Health news

(NYT) First Dengue Fever Vaccine Approved by Mexico

A dengue fever vaccine developed by the French pharmaceutical giant Sanofi has been approved for use by Mexico, the first approval in the world for any vaccine for the disease, which afflicts tens of millions of people around the world and is becoming an increasing threat.

Sanofi said in a news release Wednesday that the vaccine, which it is calling Dengvaxia, was approved by Mexico’s Federal Commission for the Protection against Sanitary Risk for prevention of dengue in people 9 to 45 years old living in endemic areas.

A young woman with dengue fever is watched over by her mother in a Pakistani hospital. An estimated 50 million to 100 million people a year are sickened by the disease. Credit Muhammed Muheisen/Associated Press


“Today, with this first marketing authorization of Dengvaxia, we have achieved our goal of making dengue the next vaccine-preventable disease,” Olivier Brandicourt, chief executive of Sanofi, said in a statement. “This is a historic milestone for our company, for the global public health community and, most importantly, for half the world’s population who lives at risk of dengue.”

Also known as breakbone fever, the disease can cause high temperature and intense joint and muscle pain. In severe cases, it causes hemorrhagic fever, which is marked by bleeding and shock and can be fatal.

A viral disease that is transmitted by mosquitoes, the number of cases has been increasing and the disease has been spreading out of its traditional home in developing countries in the tropics. There is now an outbreak in Hawaii, and there was one last year in Tokyo, the first one in Japan in nearly 70 years. The Florida Keys had some cases in 2009 for the first time in decades.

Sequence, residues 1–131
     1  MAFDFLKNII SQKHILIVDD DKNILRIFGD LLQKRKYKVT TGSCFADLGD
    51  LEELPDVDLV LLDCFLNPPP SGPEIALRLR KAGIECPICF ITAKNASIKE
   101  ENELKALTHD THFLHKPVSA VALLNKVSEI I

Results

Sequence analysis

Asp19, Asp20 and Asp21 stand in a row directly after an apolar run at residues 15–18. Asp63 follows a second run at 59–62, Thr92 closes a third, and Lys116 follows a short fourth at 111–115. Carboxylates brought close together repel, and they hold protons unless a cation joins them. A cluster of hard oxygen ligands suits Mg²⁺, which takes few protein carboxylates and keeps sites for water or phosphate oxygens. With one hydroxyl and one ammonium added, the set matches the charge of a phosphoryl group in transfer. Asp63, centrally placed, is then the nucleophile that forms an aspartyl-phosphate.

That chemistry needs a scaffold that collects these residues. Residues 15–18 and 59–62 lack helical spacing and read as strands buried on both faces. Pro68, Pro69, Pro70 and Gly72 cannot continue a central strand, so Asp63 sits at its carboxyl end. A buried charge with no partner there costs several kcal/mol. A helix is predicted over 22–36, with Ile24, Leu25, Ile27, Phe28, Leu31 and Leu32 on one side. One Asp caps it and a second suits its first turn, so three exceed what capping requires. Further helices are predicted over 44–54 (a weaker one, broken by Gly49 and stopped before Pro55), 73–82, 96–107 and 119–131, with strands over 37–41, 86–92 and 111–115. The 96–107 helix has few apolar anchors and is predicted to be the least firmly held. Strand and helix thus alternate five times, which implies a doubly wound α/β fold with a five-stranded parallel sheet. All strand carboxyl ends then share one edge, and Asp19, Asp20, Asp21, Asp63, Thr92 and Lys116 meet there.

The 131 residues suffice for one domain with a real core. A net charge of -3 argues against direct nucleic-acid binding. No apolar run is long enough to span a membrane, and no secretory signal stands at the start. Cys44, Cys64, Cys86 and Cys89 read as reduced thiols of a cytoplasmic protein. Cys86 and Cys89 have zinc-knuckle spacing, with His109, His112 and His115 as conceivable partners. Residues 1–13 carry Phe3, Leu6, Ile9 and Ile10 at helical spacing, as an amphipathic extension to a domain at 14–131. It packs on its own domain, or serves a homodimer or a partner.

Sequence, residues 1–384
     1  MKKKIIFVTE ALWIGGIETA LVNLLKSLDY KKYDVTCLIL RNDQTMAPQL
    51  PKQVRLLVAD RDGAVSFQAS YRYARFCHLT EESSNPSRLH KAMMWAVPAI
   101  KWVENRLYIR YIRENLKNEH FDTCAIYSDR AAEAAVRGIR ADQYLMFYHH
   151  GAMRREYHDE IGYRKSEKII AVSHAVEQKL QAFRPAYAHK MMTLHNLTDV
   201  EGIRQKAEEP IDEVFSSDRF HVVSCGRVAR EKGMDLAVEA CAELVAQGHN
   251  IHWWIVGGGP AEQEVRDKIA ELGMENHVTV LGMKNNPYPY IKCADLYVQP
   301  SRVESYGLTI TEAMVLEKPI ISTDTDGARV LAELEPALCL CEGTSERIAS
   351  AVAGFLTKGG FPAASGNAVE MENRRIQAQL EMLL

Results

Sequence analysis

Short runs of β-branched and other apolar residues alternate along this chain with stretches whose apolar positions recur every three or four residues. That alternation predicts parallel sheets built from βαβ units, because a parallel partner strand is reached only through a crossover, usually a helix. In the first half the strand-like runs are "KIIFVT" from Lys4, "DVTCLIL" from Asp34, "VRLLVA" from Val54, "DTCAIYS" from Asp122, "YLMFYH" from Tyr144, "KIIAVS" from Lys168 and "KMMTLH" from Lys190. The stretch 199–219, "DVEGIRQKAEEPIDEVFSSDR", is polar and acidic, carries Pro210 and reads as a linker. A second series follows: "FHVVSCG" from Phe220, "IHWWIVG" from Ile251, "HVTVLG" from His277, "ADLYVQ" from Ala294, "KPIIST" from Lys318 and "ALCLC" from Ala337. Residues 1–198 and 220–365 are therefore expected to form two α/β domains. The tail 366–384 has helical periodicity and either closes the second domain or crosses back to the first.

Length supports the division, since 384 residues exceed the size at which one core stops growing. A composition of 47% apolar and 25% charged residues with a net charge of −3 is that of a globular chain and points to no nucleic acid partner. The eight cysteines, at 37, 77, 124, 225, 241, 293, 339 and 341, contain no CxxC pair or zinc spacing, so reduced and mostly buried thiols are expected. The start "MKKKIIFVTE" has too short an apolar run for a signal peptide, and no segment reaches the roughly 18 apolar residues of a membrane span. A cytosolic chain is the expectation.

In clinical trials, the vaccine reduced the risk of developing dengue by about 60 percent. Some experts have said this is less effective than desired, raising questions about how widely the vaccine would be used. And in one trial the vaccine seemed less effective in young children, who are most susceptible to the disease.

But Sanofi itself and some other experts said that that level of effectiveness would be welcomed, given that there is now no treatment for dengue. In one trial involving children 9 to 16 in Latin America and the Caribbean, the vaccine reduced the risk of hospitalization from dengue by 80 percent.

An estimated 50 million to 100 million people a year are sickened by dengue, though that might be an underestimate. One study said about 400 million people are infected each year, with about 100 million of them feeling sick to some degree.

Sanofi has been suffering from declining sales in its big diabetes drug business, the result of new competition and heavier discounting by manufacturers. Dengvaxia might help, but that would depend on it being approved by other countries in addition to Mexico. It also depends on how much Sanofi can charge for the vaccine. Many vaccines for developing countries are sold at low prices.

Sanofi said it had begun manufacturing Dengvaxia and that it would eventually be able to produce 100 million doses annually.

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